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Safe BPA replacement in the works chemists claim

A safe and environmentally friendly replacement for bisphenol-A (BPA) is in the works according to a presentation by Kaleigh Reno and Dr. Richard Wool of the University of Delaware at the March 16, 2014, session of the National Meeting & Exposition of the American Chemical Society (ACS).

A small piece of lignin polymer.
Picture created by User:Chino and hereby released to the public domain

The replacement is a polymer of lignin. Lignin is a byproduct of paper making that is 98 percent incinerated at present. The amount of lignin produced is 20 times the current demand for BPA.

The researchers developed a process that converts lignin fragments into a compound called bisguaiacol-F (BGF) that displays similar polymerization properties to BPA. The researchers expect the new product to be on the market in five years.

The main reason people want BPA removed is that pure BPA can mimic the effects of estrogen on people and animals.

BPA is used in so many products that removal of the chemical from use immediately would cause an astounding economic impact.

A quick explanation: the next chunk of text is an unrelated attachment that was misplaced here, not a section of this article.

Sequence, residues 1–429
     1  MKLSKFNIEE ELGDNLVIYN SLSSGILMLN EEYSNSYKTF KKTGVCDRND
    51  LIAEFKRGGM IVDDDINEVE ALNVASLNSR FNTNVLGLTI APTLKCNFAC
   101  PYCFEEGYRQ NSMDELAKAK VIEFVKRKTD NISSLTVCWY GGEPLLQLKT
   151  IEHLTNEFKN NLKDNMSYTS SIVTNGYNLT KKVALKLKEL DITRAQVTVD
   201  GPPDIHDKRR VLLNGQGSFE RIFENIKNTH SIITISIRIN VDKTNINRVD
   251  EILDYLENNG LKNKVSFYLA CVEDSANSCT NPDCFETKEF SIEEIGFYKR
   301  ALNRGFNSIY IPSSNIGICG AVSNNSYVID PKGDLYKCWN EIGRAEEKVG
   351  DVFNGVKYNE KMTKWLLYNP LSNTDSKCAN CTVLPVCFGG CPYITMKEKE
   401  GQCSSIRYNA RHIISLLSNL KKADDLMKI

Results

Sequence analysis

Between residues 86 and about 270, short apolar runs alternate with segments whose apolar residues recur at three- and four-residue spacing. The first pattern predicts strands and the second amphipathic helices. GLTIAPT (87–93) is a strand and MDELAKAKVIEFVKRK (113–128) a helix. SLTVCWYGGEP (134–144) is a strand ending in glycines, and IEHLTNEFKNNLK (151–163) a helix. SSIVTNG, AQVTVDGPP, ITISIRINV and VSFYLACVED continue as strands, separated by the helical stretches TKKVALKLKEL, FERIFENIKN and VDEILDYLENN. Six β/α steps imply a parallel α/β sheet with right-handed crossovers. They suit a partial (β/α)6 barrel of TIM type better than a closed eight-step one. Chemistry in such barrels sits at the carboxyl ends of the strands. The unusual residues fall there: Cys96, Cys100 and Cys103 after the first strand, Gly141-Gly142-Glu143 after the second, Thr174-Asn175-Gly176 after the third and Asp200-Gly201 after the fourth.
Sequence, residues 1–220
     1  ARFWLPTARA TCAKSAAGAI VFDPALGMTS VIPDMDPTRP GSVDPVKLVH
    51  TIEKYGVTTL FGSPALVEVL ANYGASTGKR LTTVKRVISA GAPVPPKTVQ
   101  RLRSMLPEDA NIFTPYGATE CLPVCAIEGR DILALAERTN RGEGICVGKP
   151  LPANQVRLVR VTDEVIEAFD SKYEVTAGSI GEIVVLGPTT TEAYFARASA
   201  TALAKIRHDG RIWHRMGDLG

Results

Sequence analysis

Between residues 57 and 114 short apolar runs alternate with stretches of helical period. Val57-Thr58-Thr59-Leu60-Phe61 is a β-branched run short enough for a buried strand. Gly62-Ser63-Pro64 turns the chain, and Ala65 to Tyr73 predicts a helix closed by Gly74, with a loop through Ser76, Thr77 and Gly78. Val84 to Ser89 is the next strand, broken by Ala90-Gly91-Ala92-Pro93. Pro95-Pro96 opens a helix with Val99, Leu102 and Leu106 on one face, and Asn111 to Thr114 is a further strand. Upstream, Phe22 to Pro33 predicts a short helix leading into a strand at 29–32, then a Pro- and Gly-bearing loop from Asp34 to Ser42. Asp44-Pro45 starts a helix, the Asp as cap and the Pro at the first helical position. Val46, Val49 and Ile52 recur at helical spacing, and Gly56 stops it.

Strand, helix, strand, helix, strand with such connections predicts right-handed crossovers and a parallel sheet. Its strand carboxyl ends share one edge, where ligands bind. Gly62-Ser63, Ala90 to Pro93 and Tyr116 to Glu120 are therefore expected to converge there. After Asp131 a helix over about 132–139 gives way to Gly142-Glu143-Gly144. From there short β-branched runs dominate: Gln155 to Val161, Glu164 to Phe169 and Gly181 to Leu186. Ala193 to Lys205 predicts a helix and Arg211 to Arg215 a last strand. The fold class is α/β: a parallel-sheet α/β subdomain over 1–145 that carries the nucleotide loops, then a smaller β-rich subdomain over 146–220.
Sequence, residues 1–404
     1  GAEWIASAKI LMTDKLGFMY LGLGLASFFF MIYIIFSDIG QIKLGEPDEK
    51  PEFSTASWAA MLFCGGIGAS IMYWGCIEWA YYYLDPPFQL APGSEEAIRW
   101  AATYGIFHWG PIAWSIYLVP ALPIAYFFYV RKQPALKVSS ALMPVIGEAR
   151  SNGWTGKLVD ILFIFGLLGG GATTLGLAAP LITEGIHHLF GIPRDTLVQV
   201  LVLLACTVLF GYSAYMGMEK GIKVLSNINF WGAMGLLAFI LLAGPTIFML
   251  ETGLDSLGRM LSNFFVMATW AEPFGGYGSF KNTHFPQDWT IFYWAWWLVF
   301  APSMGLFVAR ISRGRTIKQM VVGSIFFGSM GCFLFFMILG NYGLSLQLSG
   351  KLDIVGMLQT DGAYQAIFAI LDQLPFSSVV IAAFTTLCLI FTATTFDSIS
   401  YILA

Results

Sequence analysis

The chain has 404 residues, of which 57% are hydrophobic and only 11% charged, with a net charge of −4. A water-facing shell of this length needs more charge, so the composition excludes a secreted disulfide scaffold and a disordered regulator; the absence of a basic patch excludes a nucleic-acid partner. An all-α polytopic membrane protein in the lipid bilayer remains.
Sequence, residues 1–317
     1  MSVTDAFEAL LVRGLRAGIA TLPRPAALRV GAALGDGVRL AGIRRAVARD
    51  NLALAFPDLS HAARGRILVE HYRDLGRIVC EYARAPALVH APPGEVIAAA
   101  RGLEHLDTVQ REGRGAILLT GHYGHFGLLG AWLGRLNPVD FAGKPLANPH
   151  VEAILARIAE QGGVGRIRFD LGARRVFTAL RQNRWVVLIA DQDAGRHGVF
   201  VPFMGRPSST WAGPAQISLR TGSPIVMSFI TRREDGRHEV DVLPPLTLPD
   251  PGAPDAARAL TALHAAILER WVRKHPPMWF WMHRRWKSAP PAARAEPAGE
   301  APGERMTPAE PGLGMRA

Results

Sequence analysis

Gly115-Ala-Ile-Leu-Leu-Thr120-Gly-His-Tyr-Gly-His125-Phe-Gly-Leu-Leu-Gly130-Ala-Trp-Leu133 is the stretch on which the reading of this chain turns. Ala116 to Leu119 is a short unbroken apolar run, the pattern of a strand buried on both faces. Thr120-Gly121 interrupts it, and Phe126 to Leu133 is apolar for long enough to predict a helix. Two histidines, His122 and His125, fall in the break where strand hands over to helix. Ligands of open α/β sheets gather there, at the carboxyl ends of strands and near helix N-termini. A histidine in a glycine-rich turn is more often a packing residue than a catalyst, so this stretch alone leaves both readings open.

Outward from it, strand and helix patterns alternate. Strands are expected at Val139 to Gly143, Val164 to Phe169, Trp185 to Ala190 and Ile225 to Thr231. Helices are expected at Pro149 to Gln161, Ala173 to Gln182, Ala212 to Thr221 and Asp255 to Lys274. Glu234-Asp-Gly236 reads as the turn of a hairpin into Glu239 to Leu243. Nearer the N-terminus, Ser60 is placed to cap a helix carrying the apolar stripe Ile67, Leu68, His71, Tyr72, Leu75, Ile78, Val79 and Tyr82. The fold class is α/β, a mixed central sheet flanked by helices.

Based on long years of experience in the chemical industry, one might expect similar outcry to ban BGF in 10 to 15 years.

BPA should be phased out for four reasons. The potential exists to produce free BPA from plastics and other products through failure to follow directions explicitly stated on the product and that failure to follow directions is inherent in humankind. Poor formulation that does not insure an excess of reactants to bind BPA is rampant. Poor quality control in the coating of metal and other surfaces and the injection molding of plastics does not produce sufficient temperatures to complete the BPA reaction producing free BPA. BPA containing material is burned in waste dumps producing a potential source of free BPA in the environment.

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